Development and evaluation of a decision-supporting model for identifying the source location of microbial intrusions in real gravity sewer systems

Minyoung Kim, Christopher Y. Choi, Charles P. Gerba

Research output: Contribution to journalArticle

2 Scopus citations

Abstract

Assuming a scenario of a hypothetical pathogenic outbreak, we aimed this study at developing a decision-support model for identifying the location of the pathogenic intrusion as a means of facilitating rapid detection and efficient containment. The developed model was applied to a real sewer system (the Campbell wash basin in Tucson, AZ) in order to validate its feasibility. The basin under investigation was divided into 14 sub-basins. The geometric information associated with the sewer network was digitized using GIS (Geological Information System) and imported into an urban sewer network simulation model to generate microbial breakthrough curves at the outlet. A pre-defined amount of Escherichia coli (E. coli), which is an indicator of fecal coliform bacteria, was hypothetically introduced into 56 manholes (four in each sub-basin, chosen at random), and a total of 56 breakthrough curves of E. coli were generated using the simulation model at the outlet. Transport patterns were classified depending upon the location of the injection site (manhole), various known characteristics (peak concentration and time, pipe length, travel time, etc.) extracted from each E. coli breakthrough curve and the layout of sewer network. Using this information, we back-predicted the injection location once an E. coli intrusion was detected at a monitoring site using Artificial Neural Networks (ANNs). The results showed that ANNs identified the location of the injection sites with 57% accuracy; ANNs correctly recognized eight out of fourteen expressions with relying on data from a single detection sensor. Increasing the available sensors within the basin significantly improved the accuracy of the simulation results (from 57% to 100%).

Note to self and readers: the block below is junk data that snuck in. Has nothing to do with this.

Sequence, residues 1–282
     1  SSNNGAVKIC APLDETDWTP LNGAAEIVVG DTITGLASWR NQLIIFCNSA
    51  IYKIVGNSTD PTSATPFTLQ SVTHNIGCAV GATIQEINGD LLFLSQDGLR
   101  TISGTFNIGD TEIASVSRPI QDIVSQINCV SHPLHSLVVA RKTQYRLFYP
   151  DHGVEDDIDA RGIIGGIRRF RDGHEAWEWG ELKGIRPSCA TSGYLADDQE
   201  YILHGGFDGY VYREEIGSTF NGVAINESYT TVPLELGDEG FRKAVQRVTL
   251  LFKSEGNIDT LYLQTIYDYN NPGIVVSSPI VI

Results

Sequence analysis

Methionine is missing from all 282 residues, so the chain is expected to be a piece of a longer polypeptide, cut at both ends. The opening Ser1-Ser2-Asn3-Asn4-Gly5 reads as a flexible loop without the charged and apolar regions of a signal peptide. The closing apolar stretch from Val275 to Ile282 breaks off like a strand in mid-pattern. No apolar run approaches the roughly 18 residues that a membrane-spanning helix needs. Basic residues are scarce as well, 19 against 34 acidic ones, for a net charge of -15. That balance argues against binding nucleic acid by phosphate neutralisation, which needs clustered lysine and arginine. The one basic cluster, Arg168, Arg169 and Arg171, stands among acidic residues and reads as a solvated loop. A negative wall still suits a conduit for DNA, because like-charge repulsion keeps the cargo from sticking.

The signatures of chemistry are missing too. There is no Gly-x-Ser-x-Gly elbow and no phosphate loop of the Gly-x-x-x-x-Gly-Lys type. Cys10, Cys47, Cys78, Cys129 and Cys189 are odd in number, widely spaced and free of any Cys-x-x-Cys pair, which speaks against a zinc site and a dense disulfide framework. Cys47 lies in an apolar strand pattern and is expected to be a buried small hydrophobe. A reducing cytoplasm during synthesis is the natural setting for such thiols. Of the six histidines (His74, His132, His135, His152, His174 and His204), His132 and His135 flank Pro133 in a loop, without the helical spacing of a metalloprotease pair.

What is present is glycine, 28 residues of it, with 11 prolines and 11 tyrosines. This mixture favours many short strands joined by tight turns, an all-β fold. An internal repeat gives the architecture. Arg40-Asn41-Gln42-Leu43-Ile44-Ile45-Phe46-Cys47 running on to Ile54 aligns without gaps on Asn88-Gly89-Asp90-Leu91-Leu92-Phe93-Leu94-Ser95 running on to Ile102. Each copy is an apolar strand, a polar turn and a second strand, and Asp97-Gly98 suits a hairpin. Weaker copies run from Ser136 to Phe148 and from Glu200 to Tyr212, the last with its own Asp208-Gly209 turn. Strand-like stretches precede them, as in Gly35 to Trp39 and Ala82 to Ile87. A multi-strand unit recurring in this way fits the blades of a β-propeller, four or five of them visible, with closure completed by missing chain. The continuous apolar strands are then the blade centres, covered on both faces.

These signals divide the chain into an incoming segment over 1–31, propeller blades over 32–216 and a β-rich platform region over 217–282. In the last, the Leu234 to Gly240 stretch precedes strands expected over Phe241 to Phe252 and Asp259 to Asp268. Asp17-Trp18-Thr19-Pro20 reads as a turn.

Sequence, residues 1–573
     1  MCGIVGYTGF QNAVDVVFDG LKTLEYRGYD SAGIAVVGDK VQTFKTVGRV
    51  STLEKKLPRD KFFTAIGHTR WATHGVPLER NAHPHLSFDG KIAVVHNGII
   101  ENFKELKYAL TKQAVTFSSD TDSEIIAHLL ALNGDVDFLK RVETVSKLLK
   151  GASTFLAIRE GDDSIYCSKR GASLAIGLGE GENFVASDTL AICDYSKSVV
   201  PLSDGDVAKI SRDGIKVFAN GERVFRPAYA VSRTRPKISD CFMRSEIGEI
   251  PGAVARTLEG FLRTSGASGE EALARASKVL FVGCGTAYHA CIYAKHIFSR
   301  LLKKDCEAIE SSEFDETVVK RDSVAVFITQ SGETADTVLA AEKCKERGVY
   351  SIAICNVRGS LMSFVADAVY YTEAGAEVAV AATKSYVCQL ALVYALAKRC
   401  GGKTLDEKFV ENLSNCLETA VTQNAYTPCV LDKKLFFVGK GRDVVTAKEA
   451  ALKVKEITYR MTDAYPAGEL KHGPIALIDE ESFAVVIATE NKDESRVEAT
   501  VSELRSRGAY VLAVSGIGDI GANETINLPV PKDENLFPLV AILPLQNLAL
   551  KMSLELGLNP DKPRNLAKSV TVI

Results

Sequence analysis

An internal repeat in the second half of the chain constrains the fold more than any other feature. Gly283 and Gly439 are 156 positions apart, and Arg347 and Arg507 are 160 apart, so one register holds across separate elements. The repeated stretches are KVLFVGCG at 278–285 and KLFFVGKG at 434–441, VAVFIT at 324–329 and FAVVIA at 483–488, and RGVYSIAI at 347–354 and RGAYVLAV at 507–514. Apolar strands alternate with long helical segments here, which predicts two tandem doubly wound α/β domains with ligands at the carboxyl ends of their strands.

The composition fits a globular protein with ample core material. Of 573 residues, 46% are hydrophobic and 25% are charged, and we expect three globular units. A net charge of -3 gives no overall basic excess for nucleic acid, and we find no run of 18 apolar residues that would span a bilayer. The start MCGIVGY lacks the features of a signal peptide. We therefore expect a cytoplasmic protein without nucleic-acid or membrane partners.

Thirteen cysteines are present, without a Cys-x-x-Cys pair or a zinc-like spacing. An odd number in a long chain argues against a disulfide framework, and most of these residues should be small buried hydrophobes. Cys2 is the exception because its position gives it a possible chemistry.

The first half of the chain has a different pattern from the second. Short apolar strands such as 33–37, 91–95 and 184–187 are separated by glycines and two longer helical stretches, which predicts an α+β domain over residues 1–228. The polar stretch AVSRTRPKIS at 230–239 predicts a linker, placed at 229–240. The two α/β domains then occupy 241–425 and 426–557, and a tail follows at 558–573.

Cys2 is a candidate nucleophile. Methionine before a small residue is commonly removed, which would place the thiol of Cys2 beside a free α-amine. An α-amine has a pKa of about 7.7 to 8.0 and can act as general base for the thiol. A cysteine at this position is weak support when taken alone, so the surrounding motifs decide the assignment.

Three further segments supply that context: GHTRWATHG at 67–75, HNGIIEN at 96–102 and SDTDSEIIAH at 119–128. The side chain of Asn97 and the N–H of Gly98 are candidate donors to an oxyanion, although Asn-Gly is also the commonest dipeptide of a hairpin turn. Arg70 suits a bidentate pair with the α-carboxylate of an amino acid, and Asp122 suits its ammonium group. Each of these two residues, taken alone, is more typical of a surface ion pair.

Original languageEnglish (US)
Pages (from-to)4630-4638
Number of pages9
JournalWater research
Volume47
Issue number13
DOIs
StatePublished - Sep 1 2013

Keywords

  • Artificial Neural Networks
  • Microbial intrusion
  • Sewer system
  • Source identification

ASJC Scopus subject areas

  • Ecological Modeling
  • Water Science and Technology
  • Waste Management and Disposal
  • Pollution

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